Amendments to Russian tax legislation have brought it closer to the best practices developed by the OECD 2 The Organisation for Economic Cooperation and Development. . In particular, in recent years:

  • Requirements on a “three-tier documentation system” for multinational groups of companies have been implemented in Russia. The new rules impose additional reporting obligations on participants in and parent companies of such groups.
  • In 2018, Russia began to automatically exchange financial information with 71 countries and territories 3 Order No. ED-7-17/[email protected] of the Federal Tax Service dated 3 November 2020. .
  • The Russian tax legislation was amended for the purpose of ratification of the Multilateral Convention to Implement Tax Treaty Related Measures to Prevent BEPS. In 2019, the Russian Tax Code introduced a mutual agreement procedure mechanism within the application of double taxation treaties (“DTTs”) in order to settle disputes between parties. 

Core legal framework

Part I of the Tax Code dated 31 July 1998 has been in force since 1 January 1999; and Part II of the Tax Code dated 5 August 2000 has been in force since 1 January 2001 (together, the “Tax Code”). The Tax Code sets out general tax principles and applicable taxes, as well as the rights and obligations of taxpayers and the state tax authorities.

According to the Tax Code, taxes in Russia may be categorised as follows:

  • Federal taxes applied throughout Russia at uniform rates, such as VAT. Certain taxes have a federal and a regional component (e.g. corporate profits tax) and may have their regional component reduced at the discretion of the relevant regional authority.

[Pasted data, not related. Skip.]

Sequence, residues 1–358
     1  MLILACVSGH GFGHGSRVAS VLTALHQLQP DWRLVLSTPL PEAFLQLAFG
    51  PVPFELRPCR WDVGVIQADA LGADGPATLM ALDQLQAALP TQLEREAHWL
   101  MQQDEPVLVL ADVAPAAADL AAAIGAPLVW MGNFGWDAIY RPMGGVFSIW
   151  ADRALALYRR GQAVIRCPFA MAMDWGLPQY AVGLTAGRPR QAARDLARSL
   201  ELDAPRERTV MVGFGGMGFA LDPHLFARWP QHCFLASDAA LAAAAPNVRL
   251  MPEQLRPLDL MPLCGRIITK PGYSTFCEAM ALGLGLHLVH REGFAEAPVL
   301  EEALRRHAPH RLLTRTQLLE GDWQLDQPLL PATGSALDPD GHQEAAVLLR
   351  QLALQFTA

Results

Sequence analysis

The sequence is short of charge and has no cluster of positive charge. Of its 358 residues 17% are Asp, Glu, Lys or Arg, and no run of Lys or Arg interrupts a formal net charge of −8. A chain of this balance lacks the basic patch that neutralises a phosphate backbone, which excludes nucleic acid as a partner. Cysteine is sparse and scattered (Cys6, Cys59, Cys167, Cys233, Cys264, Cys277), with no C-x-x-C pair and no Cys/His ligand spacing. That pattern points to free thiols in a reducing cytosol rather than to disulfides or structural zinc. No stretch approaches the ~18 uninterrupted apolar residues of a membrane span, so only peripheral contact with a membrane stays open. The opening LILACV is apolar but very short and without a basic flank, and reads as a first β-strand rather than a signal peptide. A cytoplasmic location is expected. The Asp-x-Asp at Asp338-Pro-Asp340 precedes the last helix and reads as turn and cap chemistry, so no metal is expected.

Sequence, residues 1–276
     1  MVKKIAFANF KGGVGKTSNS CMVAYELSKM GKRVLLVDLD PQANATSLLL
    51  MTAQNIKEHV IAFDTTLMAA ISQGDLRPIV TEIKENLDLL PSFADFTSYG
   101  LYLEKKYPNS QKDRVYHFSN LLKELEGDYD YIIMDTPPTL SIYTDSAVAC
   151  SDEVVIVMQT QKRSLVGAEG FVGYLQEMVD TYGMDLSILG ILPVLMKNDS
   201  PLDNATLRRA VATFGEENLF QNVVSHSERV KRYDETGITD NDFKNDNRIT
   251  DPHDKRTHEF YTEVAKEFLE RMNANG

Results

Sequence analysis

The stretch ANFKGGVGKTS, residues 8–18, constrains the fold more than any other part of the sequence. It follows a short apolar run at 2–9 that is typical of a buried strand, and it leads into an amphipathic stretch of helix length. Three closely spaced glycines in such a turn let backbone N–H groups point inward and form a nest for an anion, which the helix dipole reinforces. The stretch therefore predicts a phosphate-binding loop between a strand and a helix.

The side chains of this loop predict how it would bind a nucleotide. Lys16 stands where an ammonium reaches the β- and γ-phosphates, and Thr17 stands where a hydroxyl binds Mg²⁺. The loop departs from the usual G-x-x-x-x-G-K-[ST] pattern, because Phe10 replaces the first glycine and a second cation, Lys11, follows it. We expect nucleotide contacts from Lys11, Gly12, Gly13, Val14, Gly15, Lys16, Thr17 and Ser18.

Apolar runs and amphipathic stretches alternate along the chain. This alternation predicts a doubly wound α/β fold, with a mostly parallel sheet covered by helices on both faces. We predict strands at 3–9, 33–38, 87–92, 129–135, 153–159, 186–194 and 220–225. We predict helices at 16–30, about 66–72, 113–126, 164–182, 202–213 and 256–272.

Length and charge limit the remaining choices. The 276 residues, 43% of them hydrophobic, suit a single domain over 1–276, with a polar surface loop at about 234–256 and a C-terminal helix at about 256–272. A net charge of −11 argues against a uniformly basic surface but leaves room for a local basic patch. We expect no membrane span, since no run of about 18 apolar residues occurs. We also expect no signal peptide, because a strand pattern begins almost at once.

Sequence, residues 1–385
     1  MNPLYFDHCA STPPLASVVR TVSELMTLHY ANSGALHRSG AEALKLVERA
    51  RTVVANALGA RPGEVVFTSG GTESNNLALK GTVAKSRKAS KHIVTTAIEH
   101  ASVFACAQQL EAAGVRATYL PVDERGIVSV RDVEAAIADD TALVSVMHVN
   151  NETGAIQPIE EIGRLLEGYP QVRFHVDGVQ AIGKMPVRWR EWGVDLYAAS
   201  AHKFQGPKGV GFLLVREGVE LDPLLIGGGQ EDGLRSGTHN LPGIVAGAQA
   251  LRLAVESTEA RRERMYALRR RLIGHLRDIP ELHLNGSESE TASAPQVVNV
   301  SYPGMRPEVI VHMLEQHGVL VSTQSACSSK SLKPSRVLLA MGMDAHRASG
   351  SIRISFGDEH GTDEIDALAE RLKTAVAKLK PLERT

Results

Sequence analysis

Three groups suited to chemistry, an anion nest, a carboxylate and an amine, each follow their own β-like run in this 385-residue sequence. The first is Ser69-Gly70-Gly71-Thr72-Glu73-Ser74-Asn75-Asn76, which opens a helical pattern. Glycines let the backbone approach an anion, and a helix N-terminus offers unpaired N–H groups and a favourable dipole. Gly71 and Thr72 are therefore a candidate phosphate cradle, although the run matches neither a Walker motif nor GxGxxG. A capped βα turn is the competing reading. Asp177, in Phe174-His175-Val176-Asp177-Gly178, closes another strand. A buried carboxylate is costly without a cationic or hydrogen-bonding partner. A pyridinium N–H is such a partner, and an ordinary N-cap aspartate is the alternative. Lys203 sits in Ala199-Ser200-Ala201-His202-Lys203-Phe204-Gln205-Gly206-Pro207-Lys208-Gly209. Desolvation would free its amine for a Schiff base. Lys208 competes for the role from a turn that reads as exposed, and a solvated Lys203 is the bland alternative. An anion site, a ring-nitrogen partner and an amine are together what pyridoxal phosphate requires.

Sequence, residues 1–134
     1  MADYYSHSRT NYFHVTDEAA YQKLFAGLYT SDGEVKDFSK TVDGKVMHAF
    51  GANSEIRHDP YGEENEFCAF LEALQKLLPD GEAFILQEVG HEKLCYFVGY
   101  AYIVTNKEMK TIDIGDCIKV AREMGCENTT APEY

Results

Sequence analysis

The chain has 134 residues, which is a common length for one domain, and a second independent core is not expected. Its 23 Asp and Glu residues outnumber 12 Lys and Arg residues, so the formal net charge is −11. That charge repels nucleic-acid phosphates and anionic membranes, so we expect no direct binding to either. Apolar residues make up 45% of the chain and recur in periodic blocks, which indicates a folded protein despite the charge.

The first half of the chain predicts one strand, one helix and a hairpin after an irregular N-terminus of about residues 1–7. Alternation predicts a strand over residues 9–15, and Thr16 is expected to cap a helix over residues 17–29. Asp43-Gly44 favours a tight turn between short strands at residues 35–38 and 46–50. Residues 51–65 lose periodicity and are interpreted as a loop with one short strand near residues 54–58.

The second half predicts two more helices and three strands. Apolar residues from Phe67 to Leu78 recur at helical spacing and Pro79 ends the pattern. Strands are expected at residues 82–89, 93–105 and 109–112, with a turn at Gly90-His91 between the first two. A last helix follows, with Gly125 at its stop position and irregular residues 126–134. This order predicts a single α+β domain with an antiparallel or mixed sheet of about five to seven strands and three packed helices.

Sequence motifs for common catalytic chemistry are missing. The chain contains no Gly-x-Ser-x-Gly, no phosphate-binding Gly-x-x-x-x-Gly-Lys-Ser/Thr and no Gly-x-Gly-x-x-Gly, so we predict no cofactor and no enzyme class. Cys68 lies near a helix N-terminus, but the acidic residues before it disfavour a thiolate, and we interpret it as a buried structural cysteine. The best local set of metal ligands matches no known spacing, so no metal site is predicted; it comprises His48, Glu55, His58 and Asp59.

• Regional taxes and local taxes determined by the Tax Code and the local or regional government authorities, which are collected locally or regionally. Lower-tier authorities may not grant concessions for taxes governed by a higher authority.
Federal taxesCorporate profits tax
VAT
Excise duties
Payroll-related levies
Taxes on natural resources
Excess-profits tax on hydrocarbon production
State duties
Personal income tax
Water tax
Regional taxesCorporate property tax
Transport tax
Gambling tax
Local taxesLand tax
Individual property tax
Sales duty

As a result of this tax structure, taxpayers may face tax and administrative burdens (including making tax filings and paying tax) both at federal and regional levels. Several tax payments may need to be made when a company has separate subdivisions in more than one Russian region.

Key contacts

Dominique Tissot
Partner
Head of Tax | Head of Energy Efficiency & Renewables
T +7 495 786 30 88
Hayk Safaryan
Partner
Head of Customs
Moscow
T +7 495 786 30 59

Contents

  • Introduction
  • Common forms of business structures for foreign investors
  • Anti-monopoly issues
  • Contracts
  • Tax system
  • Customs regulations
  • Currency control
  • Lending in Russia
  • Employment/Migration
  • Personal data protection
  • Intellectual property
  • Advertising issues
  • Anti-corruption and compliance
  • Real estate and construction
  • Dispute resolution
  • Corporate bankruptcy
  • E-commerce
  • Import substitution and production localisation in Russia
  • Banking sector
  • Environment, energy efficiency and renewables
  • Infrastructure and public private partnerships
  • Oil & gas